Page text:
1. Please tell me a favorite story about your childhood? What positive life principle did you learn from your parents/caregivers - that still informs your life today?
As soon as I read this question I sat back and exhaled a big “Oh geez”. This is a difficult one for me to answer because my childhood was unfortunately marred with a lot of trauma and abuse and my memories of those days are not entirely positive, and often hazy and incomplete. If I had to attribute one principle that I’ve taken into adulthood it would be to have strength.
My father passed away after a protracted battle with cancer when I was only 9 years old. During his illness, which spanned over 2-3 years, my mother was his primary carer, the primary housekeeper, the primary parent and the primary everything. She never complained or faltered in any way despite the enormously difficult situation she was in.
Following his death my mother became the primary breadwinner and worked long hours to provide my brother and I with security and stability.
Unfortunately, two years later tragedy struck a second time when my my older brother committed suicide. This loss was huge and yet my mother was able to push aside her grief and continue forth working and tending to the house and garden single handedly without ever complaining or showing her pain.
Things never really improved following this. My mother ended up in a de-facto relationship with alcoholic abuser for years and somehow managed to traverse the rocky waters of life with a superhuman strength which always saw her facing the right way up and not succumbing to the crippling effects of depression, grief and misery.
Her strength and determination in the face of adversity is what I’ve walked away with and is something that has served me well in my own life.
2. Was there anything in your past that caused you pain, struggle or hardship?
All of what I have written above caused incredible pain in my life. My mother’s abusive de-facto did not like me and added yet another layer of extreme hurt to my childhood by name-calling, shoving, pushing, and on occasions, striking me. I also had to witness this same aggressive and bullying behaviour towards my mother.
3. Describe a difficult event or circumstance in your childhood, teens or adult years that caused you to "act-out" or "act-in" in a detrimental way. How did your emotional pain manifest and limit your life thereafter?
WOW, this is an easy and yet difficult question.
When my father passed away I was clearly struck with grief, however, despite my mother being strong, she was also very stoic and did not display her emotions or vulnerability. This was further enhanced when my brother committed suicide because of the enormous “shame” element that existed around suicide. I was fundamentally taught to not express negative emotions, and in particular not be truthful. My mother had instructed me to lie about how my brother had died claiming that “It’s nobody else’s business”.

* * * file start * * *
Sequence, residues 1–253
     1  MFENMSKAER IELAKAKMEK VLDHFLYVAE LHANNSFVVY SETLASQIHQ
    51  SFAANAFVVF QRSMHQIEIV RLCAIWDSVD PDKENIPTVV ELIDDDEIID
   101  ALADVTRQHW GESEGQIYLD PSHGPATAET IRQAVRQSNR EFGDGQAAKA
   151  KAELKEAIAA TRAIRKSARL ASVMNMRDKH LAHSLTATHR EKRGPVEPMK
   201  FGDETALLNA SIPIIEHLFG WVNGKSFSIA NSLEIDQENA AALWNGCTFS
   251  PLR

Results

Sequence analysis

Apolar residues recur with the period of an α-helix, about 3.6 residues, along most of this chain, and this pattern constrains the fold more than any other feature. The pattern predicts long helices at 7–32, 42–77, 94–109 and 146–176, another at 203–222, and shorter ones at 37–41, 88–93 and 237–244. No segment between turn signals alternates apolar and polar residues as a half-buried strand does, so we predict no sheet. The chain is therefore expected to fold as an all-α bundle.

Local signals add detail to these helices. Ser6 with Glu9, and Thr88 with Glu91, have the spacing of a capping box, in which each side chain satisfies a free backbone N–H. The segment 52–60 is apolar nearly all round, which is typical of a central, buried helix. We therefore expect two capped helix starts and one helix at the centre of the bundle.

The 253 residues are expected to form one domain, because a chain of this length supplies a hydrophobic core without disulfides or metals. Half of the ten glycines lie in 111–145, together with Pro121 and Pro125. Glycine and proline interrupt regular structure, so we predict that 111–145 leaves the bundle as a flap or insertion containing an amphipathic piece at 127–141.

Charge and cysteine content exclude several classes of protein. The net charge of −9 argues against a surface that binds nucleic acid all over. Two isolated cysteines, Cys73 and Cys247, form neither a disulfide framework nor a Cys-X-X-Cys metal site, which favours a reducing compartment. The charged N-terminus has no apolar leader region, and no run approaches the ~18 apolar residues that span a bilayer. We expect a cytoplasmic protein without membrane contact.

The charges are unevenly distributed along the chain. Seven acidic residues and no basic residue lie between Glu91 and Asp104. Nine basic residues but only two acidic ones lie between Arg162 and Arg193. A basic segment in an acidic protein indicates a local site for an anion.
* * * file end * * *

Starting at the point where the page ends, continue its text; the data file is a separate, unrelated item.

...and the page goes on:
My mother never encouraged an open expression of emotions, and neither did she speak of anything which contained emotional content. Because she was so focused on working as a means of diverting her internal pain, she also was emotionally absent for me.
Without even realizing it at the time (and for the best part of my life) my method of coping was to internalize my grief and pain and dissociate from reality. It really was like the ultimate game of pretend; let’s pretend we’re happy when we’re not; let’s pretend I’m not lonely when I am; let’s pretend I don’t need anyone, when I do, etc., etc. In essence I was simply doing the same as the only real role model I had left in my life - my mother.
When her abusive de-facto entered the scene this denial continued. My mother was riddled with the shame of “living in sin” and I was again instructed to never reveal what their relationship really was (he was a boarder for all others), and I was never, ever to talk about what was going on in the house.
My whole life and how I felt was suppressed in shameful secrecy.
My emotional pain manifested in a variety of ways. By age 12 I began taking drugs and drinking alcohol. Following this I began self-harming and acting out in an oppositional way. But this only made things worse. I began getting into trouble at school, at home and was fundamentally labelled as a wayward and problem child. No person in the wisdom of those days considered that I was the way I was because of some underlying issue, so instead of helping with kindness and compassion, I was condemned and labelled as being “bad”.
At age 17 I was voluntarily admitted to a Drug and Alcohol Rehab unit with a diagnosis of “Multi-drug Dependency Syndrome”. The focus of treatment was purely on the “addiction” issues and did not delve into any underlying causes or the like. Many years following this admission I applied to receive a copy of my full clinical notes and was stunned to read some of the comments contained within. Comments such as: “this young lady is clearly playing games” and “she hasn’t made one decision since she’s been in here” and “I don’t believe she wants to be helped”.